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How social media turned us into a nation of pub bores

4 December 2018

10:50 AM

4 December 2018

10:50 AM

Opinions are like social media accounts: approximately 2.7 billion people have one. I’ve no problem with people having an opinion of course. Quite the reverse: a nation without opinions is one without thoughts, ideas or morals. But over the last decade something has changed. We’ve always had opinions but now we feel compelled to share them with the world. And that is a problem.

A few years ago, I had opinions about everything. I had strong views on Peter Mandelson and BSE and Sierra Leone and 7/7 and the price of bus fares and Uri Geller’s friendship with Michael Jackson. But none of these opinions were good enough to share in public, much less put down in writing and publish to potentially everyone on the planet. I was perfectly happy with that, too.

Now however, almost every story provokes in me a visceral urge to share my views about it. Last week alone I opined on: Brexit (of course), political difficulties, tech regulation, cyber-security, drug decriminalisation in Portugal, inter-generational attitudes, radical environmentalism, identity politics, ‘white privilege’, Nigel Farage, the ‘People’s Vote’, Brazil, Communism, and unionising gig economy workers. If I’m honest, I know very little about most of these subjects. Yet whenever I see a news report, an urgent need rises up: what shall I say about this? I have a feeling about it – which must be shared with the world! (And ideally in emotionally charged language, since that will receive more interactions).

Why do we do this? The sheer existence of public platforms which literally ask ‘what’s happening?’ (Twitter) and ‘what’s on your mind?’ (Facebook) means silence is no longer the norm, but a choice. Because there is now a way to share your opinions easily with the world, and if you don’t, then it kind-of-implies you don’t know or care about what’s going on. And who wants to look ignorant or indifferent?

I feel this draw most acutely following a disaster or a terrorist attack. If I don’t denounce or condone, will people think it’s because I don’t care? Perhaps this is especially true today because politics is so heated. For a long time Taylor Swift did not share her views about politics with the world, in the way that most musicians for decades didn’t. And yet the pressure became too great: is she tacitly supporting the status quo? Why isn’t she denouncing X? Speaking up for Y, or praising Z? In the end, she cracked – and said she was supporting a Democrat in the mid-terms (much to the disappointment of some Trump supporters who’d somehow got the idea she was secretly an alt-righter). I fondly remember the days when I had no desire to know the political views of my TV heroes, and they felt no impulsion to share them. Did Harry Enfield support the Maastricht Treaty? Who knew? Who cared?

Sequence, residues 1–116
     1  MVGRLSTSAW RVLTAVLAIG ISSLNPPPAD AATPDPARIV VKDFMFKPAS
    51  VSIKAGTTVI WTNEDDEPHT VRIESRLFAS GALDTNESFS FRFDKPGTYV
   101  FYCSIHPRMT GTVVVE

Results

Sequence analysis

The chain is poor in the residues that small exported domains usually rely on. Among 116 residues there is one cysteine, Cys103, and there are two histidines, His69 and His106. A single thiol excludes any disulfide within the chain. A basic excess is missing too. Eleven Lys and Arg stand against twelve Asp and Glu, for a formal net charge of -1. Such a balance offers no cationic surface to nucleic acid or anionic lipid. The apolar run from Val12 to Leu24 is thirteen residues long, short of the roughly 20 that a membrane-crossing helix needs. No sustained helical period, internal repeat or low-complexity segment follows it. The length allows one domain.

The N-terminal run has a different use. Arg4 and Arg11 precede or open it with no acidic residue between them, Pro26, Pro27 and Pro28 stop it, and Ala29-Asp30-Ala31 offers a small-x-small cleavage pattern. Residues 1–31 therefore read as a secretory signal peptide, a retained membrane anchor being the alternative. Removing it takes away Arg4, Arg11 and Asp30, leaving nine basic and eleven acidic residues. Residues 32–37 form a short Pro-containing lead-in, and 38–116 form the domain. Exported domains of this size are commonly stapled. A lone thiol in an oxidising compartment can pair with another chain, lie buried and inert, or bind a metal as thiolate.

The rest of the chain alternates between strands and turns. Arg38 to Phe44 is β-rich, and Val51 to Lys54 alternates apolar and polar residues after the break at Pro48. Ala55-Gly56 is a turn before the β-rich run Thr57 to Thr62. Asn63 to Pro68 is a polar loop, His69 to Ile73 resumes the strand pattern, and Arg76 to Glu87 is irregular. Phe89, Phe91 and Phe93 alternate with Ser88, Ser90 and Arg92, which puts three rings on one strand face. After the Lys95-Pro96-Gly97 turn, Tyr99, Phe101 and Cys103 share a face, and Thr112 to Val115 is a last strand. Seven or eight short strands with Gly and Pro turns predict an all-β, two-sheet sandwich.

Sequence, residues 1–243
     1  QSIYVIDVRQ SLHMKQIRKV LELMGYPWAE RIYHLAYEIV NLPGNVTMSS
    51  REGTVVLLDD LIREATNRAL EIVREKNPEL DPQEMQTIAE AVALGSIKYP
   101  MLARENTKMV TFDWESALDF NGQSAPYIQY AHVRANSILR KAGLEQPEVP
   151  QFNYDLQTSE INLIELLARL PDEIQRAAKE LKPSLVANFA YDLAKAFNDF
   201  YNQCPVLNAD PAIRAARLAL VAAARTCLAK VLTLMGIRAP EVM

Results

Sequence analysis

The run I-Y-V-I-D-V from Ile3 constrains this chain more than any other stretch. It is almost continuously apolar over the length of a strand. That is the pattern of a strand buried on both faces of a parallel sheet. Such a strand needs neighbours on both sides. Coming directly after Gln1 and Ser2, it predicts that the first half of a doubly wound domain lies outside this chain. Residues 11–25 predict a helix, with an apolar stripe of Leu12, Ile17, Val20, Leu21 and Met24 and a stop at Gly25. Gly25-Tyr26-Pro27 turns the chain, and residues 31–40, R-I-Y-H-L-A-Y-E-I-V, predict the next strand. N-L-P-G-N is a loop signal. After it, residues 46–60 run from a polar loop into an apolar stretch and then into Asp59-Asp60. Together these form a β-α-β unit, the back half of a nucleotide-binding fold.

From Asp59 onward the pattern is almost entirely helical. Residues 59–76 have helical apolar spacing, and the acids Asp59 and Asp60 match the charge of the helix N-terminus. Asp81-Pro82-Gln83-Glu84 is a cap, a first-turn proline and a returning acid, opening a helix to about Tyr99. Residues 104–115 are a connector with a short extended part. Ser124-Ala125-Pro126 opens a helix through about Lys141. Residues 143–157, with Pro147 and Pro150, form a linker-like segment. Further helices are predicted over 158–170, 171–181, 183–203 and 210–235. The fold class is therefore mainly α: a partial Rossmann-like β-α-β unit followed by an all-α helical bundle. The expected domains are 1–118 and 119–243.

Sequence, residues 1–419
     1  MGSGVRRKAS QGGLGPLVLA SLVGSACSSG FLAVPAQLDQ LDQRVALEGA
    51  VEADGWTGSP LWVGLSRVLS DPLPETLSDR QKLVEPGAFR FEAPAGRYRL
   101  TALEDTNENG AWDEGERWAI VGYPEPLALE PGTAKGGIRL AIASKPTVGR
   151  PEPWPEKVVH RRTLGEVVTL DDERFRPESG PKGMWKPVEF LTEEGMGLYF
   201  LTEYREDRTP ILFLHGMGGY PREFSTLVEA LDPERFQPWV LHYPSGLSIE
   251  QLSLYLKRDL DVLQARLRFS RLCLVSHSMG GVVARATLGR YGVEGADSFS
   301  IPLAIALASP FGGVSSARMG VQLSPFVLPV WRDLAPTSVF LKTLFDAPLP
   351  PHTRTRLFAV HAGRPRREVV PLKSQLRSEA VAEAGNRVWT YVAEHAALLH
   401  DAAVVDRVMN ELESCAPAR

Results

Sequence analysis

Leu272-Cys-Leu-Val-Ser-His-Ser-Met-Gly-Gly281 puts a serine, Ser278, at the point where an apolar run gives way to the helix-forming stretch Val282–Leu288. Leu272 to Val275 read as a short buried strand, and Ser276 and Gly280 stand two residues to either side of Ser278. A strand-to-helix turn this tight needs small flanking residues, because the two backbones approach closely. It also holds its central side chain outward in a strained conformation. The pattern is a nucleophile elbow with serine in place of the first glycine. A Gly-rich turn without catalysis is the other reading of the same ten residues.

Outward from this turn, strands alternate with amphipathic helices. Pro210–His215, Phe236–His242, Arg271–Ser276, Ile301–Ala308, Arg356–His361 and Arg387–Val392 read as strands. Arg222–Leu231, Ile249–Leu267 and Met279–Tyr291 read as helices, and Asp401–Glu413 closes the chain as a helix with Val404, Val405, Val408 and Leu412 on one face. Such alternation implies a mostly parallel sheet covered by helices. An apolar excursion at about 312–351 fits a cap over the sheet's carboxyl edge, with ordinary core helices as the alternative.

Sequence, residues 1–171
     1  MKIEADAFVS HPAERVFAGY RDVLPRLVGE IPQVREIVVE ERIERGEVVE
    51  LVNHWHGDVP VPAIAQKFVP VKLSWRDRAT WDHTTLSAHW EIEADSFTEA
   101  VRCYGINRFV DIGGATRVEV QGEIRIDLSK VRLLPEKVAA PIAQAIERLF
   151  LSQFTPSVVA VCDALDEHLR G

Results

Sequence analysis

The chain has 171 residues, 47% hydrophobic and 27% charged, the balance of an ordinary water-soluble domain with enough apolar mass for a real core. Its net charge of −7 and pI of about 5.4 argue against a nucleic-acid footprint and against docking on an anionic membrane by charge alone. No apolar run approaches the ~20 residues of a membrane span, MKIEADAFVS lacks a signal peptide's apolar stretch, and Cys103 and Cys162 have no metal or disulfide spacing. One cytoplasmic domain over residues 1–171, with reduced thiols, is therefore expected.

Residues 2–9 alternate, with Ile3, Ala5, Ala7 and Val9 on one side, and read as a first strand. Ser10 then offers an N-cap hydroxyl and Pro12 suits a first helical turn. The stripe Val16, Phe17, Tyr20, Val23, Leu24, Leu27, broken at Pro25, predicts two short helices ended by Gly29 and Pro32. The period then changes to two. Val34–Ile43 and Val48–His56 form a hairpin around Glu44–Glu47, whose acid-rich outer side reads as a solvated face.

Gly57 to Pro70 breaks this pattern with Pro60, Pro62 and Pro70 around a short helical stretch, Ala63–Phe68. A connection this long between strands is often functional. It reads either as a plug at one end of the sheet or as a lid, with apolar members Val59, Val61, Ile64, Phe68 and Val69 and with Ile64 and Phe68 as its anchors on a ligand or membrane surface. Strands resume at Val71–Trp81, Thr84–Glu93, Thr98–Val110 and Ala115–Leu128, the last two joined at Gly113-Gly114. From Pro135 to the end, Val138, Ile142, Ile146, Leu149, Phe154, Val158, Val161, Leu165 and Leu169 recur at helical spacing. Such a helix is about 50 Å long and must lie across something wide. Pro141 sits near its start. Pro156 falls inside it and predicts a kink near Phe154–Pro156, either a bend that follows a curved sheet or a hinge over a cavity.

On an individual level, this isn’t a big problem. But when you scale this dynamic to all of us, you introduce a quite poisonous atmosphere. It used to be an insult to say someone was ‘opinionated’. They were loud, brash, dogmatic, annoying. Now we are becoming a nation of pub-bores, blurting out strongly held views all over the internet on things we know little about.

Several books have been written about the pros and cons – mostly pros in my view – of the democratisation of media. But there’s a downside I’d never really considered: it’s draining when every single government policy, opposition critique, every new idea, every mooted proposal or comment is accompanied by a cacophony of pseudonymous loud opinions saying it’s dreadful, immoral, hypocritical, unworkable (all amplified because journalists like opposition either for sales or balance). The spirit is worn away when everything is contested. Decisions that probably command either widespread public support or widespread indifference, start to appear highly divisive. Boring statements are transformed into something offensive, inflammatory, or controversial. (Note how many online stories are about celebrities or companies causing ‘outrage’ or apologising for causing ‘outrage’.)

Does anyone think the Brexit negotiations have been made easier by our frenetic 60/24/7 side commentary? Every Brexit-related announcement is swiftly followed by a sub-story: However, the former Brexit Secretary tweeted… Lord Adonis hit back, promising… Betrayal! A national humiliation! This is not scrutiny – scrutiny takes time. It’s just insta-opinion. Constructive ambiguity – necessary for any negotiation – is harder. Experienced lawyers took a few days to read and digest the Brexit deal negotiated by the government. Our incredible elected representatives shared certainties about it within a couple of hours.

We talk constantly about how divided we are. But I think this is partly a mirage. I’ve conducted a little experiment the last few days. Some days I wake up and diet on the morning’s Twitter outrage. Some days I ignore it all. The nation feels far more divided on my Twitter mornings. I like hearing different opinions, but sometimes it’s better to keep your own counsel. Now, if I can just start following my own advice…


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